Lost and found

CONFUSED chanteuse Amy Macdonald has noticed there’s a new show on ITV called Finding Alice and another one on Apple TV called Losing Alice.

“I think I need to know more about Alice before I choose which one to watch,” says a sensibly cautious Amy.

Handy phrase

A RECENT Herald article about mittens reminds reader Jean Waters of the time she was talking to an Aberdonian friend about woolly handwarmers.

Jean referred to mittens as poccies.

“Poccies?” said her friend. “What a funny name for mittens.”

Jean inquired what her friend called them.

“Hummel doddies,” came the reply.

Job jabber

HAVING never attempted a proper day’s work in our lives, the Diary team has an insatiable curiosity about other people’s careers.

Reader Gordon Casely recently spotted that Aberdeen University employs an "Executive Director of Advancement".

An intriguingly vague title. After all, doesn’t all paid work involve some kind of advancing?

Unless you happen to be a professional ballroom dancer, of course. In which case spinning in circles is the preferred option.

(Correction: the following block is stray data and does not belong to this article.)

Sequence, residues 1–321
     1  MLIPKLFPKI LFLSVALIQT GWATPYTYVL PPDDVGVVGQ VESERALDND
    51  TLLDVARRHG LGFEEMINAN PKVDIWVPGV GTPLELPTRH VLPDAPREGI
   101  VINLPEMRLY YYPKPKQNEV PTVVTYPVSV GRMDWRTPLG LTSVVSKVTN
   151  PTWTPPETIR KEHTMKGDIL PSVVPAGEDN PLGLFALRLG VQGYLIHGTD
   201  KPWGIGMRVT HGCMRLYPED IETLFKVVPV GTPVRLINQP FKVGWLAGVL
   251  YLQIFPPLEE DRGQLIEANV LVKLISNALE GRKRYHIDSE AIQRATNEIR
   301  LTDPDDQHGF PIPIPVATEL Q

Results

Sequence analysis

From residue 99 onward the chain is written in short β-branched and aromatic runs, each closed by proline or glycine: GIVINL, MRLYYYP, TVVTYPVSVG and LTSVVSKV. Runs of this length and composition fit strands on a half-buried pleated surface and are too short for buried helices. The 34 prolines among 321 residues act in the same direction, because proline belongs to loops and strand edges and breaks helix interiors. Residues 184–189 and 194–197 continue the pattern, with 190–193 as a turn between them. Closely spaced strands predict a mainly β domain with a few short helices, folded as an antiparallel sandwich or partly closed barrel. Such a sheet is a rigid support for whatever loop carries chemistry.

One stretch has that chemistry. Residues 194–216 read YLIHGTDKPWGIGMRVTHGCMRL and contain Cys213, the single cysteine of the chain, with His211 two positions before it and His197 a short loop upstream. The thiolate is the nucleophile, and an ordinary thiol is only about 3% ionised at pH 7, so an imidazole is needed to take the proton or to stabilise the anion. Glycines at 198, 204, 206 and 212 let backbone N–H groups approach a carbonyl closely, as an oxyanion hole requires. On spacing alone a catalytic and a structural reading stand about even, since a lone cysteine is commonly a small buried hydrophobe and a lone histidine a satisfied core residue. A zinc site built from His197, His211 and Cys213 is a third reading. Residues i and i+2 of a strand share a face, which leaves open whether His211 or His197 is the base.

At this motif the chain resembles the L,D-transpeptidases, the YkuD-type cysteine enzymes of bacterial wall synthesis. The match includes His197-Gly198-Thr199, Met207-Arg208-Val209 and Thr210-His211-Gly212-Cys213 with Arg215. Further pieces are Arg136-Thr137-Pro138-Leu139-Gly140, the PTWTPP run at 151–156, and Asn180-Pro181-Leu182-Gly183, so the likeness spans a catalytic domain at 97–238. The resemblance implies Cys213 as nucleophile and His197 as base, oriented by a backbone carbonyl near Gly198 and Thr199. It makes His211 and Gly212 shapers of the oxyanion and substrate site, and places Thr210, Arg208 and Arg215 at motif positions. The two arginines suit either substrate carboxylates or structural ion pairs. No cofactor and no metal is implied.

Dizzy on duty

WE’VE been reminiscing about comic performer Andy Gray, who passed away recently.

Fellow actor Jonathan Watson was once standing next to Andy in one of those long queues that at first glance look like an identity parade at the local cop shop, though on further examination turn out to be a line of celebrities waiting to bow or curtsey to a royal dignitary after a theatrical performance.

Regrettably, Andy and Jonathan happened to be a tad squiffy, which might not have gone down well with the blue blood in attendance.

Fortunately it happened to be Princess Margaret, who was never a stickler for regal protocol.

Luckier still, Jonathan recalls she was even more “bladdered” than the lads.

Makes scents

ONE of our ever vigilant correspondents recently sent a picture of a plumber’s van in Ayr. The name of the firm, which was emblazoned across the van’s door, was Calm A Khazi.

Scholarly reader David Donaldson notes that the name is more appropriate than we first realised, for kamikaze translates into English as "Divine Wind".

Something trained toilet technicians know a great deal about… though perhaps not always the divine kind.

The name game

WE continue devising alternative meanings for well-known locations. Bob Jamieson suggests:

Renton = We don’t have a mortgage.

Carntyne = Traffic accident in Newcastle.

Possibly porridge

IN a thoughtful mood, reader Jim Hamilton says: “When one door closes and another door opens, you’re probably in prison.”

Read more: Remember when ...